21 Aug Is Pre-Pregnancy Diet Linked to Pregnancy Loss?
MedicalResearch.com Interview with:
Audrey J. Gaskins, Sc.D.
Postdoctoral Research Fellow
Department of Nutrition
Harvard School of Public Health
Medical Research: What are the main findings of the study?
Answers: In our large prospective cohort study, we found that higher adherence to several healthy dietary patterns (e.g. the Alternate Healthy Eating Index 2010, Alternate Mediterranean Diet, and Fertility Diet) prior to pregnancy was not associated with risk of pregnancy loss.
Medical Research: Were any of the findings unexpected?
Answers: Yes and no. The relationship of overall diet to risk of pregnancy loss has been sparsely studied so we had little background research to inform our initial hypothesis. However, these dietary patterns were specifically chosen because higher adherence to them has been associated with decreased oxidative stress (aMED), improved endothelial function (aMED and aHEI), enhanced insulin sensitivity (aHEI), and decreased risk of infertility (FD), all of which could influence risk of pregnancy loss.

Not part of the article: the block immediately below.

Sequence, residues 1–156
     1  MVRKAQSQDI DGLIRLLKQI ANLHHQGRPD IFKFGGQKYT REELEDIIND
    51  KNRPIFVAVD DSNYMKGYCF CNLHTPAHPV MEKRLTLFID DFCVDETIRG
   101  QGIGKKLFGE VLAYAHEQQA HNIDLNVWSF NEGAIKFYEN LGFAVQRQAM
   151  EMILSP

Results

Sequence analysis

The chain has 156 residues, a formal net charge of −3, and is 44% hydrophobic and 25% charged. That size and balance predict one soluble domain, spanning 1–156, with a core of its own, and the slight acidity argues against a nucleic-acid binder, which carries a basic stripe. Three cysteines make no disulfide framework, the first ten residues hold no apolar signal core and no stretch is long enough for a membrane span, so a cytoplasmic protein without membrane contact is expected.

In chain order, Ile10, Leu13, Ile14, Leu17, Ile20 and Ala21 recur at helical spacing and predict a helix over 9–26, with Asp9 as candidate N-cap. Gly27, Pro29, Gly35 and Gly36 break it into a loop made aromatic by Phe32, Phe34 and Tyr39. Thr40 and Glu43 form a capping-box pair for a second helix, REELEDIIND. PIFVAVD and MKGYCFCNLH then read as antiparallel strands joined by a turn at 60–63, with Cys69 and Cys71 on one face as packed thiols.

Medical Research: What should clinicians and patients take away from your report?
Answers: It is important to note that despite our null findings on specific dietary patterns, other dietary patterns or specific foods and nutrients might still be related to pregnancy loss. Our findings should not discourage women from eating a healthy diet prior to pregnancy as a healthier diet has been related to increased probability of conceiving as well as decreased risk of adverse pregnancy and infant outcomes.
Medical Research: What recommendations do you have for future research as a result of this study?
Answers: Future prospective cohort studies that enroll couples pre-conceptionally and measure diet immediately prior to conception are needed to further elucidate the relationship between dietary patterns and risk of pregnancy loss.